Based on the best-selling book, THE HATING GAME tells the story of ambitious good girl Lucy Hutton and her cold, efficient work nemesis, Joshua Templeton. Committed to achieving professional success without compromising her ethics, Lucy ultimately embarks on a ruthless game of one-upmanship against Josh, a rivalry that is increasingly complicated by her mounting attraction to him.
So, the other day I was out shopping with my friends. As the mall also had a cinema, we decided to go see a movie. Turns out, that choosing something halfway decent was a challenge, it really was slim pickings. Our options were either kid’s movies, Morbius (which according to all the reviews out at that point was supposed to be god awful), or a rom-com. We figured, maybe at least that’ll be a little funny? Long story short, we sat down to watch The Hating Game, and oh boy, it was so much worse than I could have imagined.
Where to begin? If you love rom-coms, I actually think you might enjoy this one, as it follows the basic bitch template to the T. I swear when writing the script somebody must have made a list of rom-com-clichés, and they went through that like a to-do list. Not a single one was skipped. That was already enough for me to roll my eyes quite a lot. But I figured, I’m not really a rom-com fan, so this is probably a me problem. Well, my friends also hated it.
Batman ventures into Gotham City’s underworld when a sadistic killer leaves behind a trail of cryptic clues. As the evidence begins to lead closer to home and the scale of the perpetrator’s plans become clear, he must forge new relationships, unmask the culprit and bring justice to the abuse of power and corruption that has long plagued the metropolis.
Okay. Okay! OKAY! This movie was so much better than I had expected. I actually went in knowing just about zero about this Batman iteration and was prepared for the worst. And then they hit me with a mopey emo-looking Robert Pattinson and Nirvana on the soundtrack and I absolutely loved it?!
But first things first. Let’s talk about R-Pats. He is absolutely brilliant as Batman. Somehow, he just nailed the role. Like, the darkness that seems ingrained into him, the difference between Batman and Bruce, the everything! There really is a stark distinction between the two, I sear even in physique they seem different, so in this film, I’m actually inclined to believe that people don’t know Bruce is Batman. On a completely different note: even though Pattinson looked super fit in this role, he still looked like a normal person. I didn’t check out of the interviews, so I don’t know if it is true, but he doesn’t look like he had to dehydrate just for a shirtless scene. You know what I mean? Like, when you get those scenes with dudes who have abs that are just surreal, and they themselves don’t even normally look like that. Pattinson on the other hand did look like a person you might encounter, well, a person that works out.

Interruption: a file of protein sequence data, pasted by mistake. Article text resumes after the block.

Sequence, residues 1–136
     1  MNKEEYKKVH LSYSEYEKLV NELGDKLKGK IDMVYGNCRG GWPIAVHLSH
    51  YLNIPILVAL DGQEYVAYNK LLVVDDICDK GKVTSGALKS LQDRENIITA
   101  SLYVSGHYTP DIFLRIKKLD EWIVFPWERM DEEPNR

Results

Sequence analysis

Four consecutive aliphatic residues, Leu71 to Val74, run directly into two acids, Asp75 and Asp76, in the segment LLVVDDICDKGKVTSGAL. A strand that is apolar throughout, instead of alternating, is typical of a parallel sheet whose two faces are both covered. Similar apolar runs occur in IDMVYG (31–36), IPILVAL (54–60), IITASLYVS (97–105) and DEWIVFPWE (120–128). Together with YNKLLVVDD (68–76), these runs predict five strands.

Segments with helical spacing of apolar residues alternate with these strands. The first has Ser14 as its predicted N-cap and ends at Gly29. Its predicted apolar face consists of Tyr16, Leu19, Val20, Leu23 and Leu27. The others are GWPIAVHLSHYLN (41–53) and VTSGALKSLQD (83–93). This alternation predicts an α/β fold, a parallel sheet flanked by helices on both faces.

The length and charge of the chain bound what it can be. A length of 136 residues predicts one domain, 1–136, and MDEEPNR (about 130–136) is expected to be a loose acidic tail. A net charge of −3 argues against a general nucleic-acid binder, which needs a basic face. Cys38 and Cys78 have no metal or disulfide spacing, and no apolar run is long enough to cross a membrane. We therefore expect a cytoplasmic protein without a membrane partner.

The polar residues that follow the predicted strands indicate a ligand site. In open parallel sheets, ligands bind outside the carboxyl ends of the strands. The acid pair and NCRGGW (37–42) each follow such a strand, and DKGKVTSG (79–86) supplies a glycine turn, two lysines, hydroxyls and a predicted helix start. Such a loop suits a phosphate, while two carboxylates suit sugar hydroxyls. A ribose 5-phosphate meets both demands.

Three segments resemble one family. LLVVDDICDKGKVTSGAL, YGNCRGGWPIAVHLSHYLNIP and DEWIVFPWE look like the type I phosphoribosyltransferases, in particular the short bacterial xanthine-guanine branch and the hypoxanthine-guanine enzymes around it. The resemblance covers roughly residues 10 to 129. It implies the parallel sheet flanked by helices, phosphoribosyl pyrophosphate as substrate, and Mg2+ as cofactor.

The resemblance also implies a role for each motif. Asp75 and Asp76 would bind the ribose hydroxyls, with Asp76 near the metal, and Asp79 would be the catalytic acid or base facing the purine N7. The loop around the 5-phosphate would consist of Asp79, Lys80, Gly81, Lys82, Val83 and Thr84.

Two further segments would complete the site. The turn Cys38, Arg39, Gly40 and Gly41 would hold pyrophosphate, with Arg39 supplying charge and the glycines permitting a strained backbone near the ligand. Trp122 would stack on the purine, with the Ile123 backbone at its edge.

FRESH follows Noa (Daisy Edgar-Jones), who meets the alluring Steve (Sebastian Stan) at a grocery store and — given her frustration with dating apps — takes a chance and gives him her number. After their first date, Noa is smitten and accepts Steve’s invitation to a romantic weekend getaway. Only to find that her new paramour has been hiding some unusual appetites.
By now you all probably know that I’m a simple kind of gal. I see a movie has Sebastian Stan in it and I click. I only knew two things about Fresh before I sat down to watch it: Stan plays the lead and it’s gonna be weird. So, how could I not end up loving this movie?
We start out with a shitty date – let’s just pretend that twat didn’t happen, followed by a meet-cute. This was probably one of my favorite scenes like that I’ve ever seen, as were their interactions after that. Both characters were the perfect amount of weird and awkward, it felt realistic yet charming. Could ever rom-com ever please take notes? Thank you.
But y’all know already that this isn’t a rom-com. Far from it in fact. *spoilers ahead!*